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98 Cards in this Set

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Psychodynamic Theory:
ID: The id operates on the _____________, which means it wants ______________ to avoid tension.
ID--operates on the pleasure principle, which means it wants immediate gratification to avoid tension.
ID: The id relies on reflex actions and ________, that is, forming a dream, hallucination, or other mental image to satisfy its needs.
The id relies on reflex actions and primary process thinking, that is, forming a dream, hallucination, or other mental image to satisfy its needs.
EGO: The ego develops at ___ months in response to the id's inability to gratify all its needs.
The ego develops at 6 months.
EGO: The ego operates on the _________________, that is, it defers gratification until an appropriate action is available in reality.
The ego operates on the reality principle.
EGO: The ego relies on _____________, which is realistic, rational, and planning. The ego ________ the conflicting demands of the id, reality, and the superego.
The ego relies on the reality principle. The ego mediates the conflicting demands of the id, reality, and superego.
SUPER EGO: The superego develops at age _______. It represents __________ and standards as conveyed by ___________ through reward and punishment. The superego attempts to permanently block the _____'s socially unacceptable desires.
The superego develops at age 4-5 years. It represents society's values and standards as conveyed by one's parents through reward and punishment.
What are Freud's 5 Psychosexual Stages of Development?
Oral, Anal, Phallic, Latency, Genital (OAPLG)
During each Psychosexual Stage,the ___'s ______ is centered on a different part of the body. ____ or ______ gratification results in a different personality oucome.
During each stage, the id's libido (sexual energy) is centered on a different part of the body. Over or under gratification results in a different personality outcome.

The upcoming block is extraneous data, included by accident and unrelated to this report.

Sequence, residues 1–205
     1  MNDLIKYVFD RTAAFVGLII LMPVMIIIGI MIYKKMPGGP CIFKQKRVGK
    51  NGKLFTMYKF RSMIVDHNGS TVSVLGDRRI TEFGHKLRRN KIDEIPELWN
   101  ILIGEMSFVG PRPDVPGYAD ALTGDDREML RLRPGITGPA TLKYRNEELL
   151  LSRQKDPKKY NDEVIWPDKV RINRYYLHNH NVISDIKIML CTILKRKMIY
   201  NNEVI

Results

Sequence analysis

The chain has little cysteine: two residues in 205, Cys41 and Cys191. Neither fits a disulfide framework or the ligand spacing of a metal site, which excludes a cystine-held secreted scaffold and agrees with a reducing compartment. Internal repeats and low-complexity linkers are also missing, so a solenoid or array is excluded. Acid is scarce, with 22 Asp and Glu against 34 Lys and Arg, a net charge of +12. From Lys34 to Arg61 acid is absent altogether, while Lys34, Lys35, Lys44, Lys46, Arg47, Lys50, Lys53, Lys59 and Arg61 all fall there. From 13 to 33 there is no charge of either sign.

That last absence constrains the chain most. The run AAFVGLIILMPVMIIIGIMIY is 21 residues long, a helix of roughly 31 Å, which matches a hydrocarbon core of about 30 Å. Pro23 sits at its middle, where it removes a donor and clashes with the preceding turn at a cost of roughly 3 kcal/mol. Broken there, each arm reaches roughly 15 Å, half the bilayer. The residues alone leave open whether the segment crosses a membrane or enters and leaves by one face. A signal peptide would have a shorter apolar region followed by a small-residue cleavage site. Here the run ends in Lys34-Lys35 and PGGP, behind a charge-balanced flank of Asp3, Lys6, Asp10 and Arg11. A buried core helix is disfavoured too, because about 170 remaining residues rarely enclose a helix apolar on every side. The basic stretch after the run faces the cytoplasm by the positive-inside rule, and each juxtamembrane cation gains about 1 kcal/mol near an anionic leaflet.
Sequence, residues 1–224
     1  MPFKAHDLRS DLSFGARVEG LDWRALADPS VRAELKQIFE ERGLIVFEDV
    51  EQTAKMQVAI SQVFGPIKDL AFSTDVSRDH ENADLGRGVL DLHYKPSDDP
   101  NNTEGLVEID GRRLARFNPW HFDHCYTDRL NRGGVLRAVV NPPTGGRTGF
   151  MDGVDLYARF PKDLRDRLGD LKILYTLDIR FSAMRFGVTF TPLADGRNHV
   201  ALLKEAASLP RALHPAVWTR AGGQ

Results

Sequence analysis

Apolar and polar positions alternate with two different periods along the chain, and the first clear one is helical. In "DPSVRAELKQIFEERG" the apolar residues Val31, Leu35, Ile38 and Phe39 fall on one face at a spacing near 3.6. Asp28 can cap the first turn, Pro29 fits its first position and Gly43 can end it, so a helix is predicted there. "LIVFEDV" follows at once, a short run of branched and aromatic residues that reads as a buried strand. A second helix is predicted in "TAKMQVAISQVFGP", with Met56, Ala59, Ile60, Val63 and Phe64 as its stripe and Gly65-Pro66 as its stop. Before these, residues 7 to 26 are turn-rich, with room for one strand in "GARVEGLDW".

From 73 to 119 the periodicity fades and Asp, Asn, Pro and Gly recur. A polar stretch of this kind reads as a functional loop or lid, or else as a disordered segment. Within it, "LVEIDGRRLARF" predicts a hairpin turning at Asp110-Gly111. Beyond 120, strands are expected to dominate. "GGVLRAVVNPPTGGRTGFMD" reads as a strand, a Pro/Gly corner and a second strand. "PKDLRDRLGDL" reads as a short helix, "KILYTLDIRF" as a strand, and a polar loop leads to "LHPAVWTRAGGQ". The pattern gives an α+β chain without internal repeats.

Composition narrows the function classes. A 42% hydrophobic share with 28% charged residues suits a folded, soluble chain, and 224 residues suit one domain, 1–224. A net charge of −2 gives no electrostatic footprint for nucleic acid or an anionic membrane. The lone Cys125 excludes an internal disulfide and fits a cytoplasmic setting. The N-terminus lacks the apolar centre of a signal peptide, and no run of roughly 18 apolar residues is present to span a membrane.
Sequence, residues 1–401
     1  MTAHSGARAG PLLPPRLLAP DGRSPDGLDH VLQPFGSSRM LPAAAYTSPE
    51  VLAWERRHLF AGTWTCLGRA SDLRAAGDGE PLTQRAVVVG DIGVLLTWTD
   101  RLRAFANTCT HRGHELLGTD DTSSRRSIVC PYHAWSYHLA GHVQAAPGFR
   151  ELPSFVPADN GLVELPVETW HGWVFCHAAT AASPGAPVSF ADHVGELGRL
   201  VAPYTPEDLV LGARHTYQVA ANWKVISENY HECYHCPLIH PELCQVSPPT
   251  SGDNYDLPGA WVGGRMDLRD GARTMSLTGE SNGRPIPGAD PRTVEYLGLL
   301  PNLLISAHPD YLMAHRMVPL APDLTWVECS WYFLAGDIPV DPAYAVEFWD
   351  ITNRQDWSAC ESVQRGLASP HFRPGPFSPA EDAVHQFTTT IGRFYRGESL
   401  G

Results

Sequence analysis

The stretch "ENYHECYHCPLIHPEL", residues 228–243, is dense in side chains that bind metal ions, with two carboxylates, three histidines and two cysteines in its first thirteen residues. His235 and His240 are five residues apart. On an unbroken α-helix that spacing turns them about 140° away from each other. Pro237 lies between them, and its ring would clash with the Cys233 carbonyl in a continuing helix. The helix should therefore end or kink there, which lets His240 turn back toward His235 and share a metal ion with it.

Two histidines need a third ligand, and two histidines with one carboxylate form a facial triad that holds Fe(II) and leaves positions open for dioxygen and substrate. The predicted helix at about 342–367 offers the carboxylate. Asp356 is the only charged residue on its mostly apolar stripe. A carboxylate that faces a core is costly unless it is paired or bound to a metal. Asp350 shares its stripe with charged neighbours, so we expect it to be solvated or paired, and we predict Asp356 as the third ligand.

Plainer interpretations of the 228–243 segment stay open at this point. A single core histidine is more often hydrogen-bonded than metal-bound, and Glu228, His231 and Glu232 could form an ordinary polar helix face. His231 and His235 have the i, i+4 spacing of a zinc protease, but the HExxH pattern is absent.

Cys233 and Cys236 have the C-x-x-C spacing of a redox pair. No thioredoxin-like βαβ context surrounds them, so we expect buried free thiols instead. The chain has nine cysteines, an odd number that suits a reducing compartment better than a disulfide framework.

According to Psychoanalytic Theory, how does anxiety develop?
Increased ANS activity alerts the ego to impending internal or external threats. If the ego can't ward off danger through realistic means, resort to defense mechanisms.
What are the two basic characteristics of defense mechanisms?
Defense mechanisms operate at an unconscious level and serve to distort reality.
What is repression?
The most basic defense mechanism and the foundation of all neuroses. It keeps the id's drives and needs in the unconscious.
What is reaction formation?
Avoiding an anxiety-evoking instinct by expressing its opposite.
What happens if one relies on defense mechanisms?
Reliance on defense mechanisms prevents the ego from resolving that caused the anxiety and the anxiety will then re-emerge under stress.
What is Freud's vieq of maladative behavior?
Psychopathology stems from an unconscious, unresolved conflict that occurred during childhood.
What is Freud's view of the development of phobias?
Phobias are the result of displacement of anxiety into an object or event involved in unresolved conflict.
What is Freud's view of the development of depression?
Depression is due to object loss and anger toward the object turned inward.
What is Freud's view of mania?
Maniea is a defense against libidinal or aggressive urges that threaten to overwhelm the ego.
What is the goal of Psychoanalytic Therapy?

Psychoanalytic assumes ______ _______, that is, all behavior is meaningful and serves some psychological function.
The goal of Psychoanalytic Therapy is to bring the unconscious into conscious awareness and integrate previously repressed material into the personality. Psychoanalytic therapy assumes psychic determinism--al behavior is meaningful and serves some psychological function.
What are the targets of Psychoanalysis?
Free Association
Dream Analysis
What is the purpose of free association?
Allows unconscious material to go into the conscious.
Dream analysis is the ________ _____ to the _____________.
Dream analysis is the royal road to the unconscious.
Give some examples of resistance.
Coming late, avoidance, etc.
Define transference.
Transference is a form of ___________.
Transference is when a client projects their feelings for others onto the therapist (can be positive or negative). It is how a client misperceives present events in terms of past events.
Transference is a form of resistance.
When does positive transference typically occur?
Positive transference usually occurs early and is likely to be replaced by negative transference.
What are the 3 stages of Psychoanalysis?
What is interpretation, in Psychoanalytic terms?
Connects behavior to unconscious processes.
What is Freud's view of countertransference?
COuntertransference is the therapist's inappropriate and deterimental emotional reactions to a client.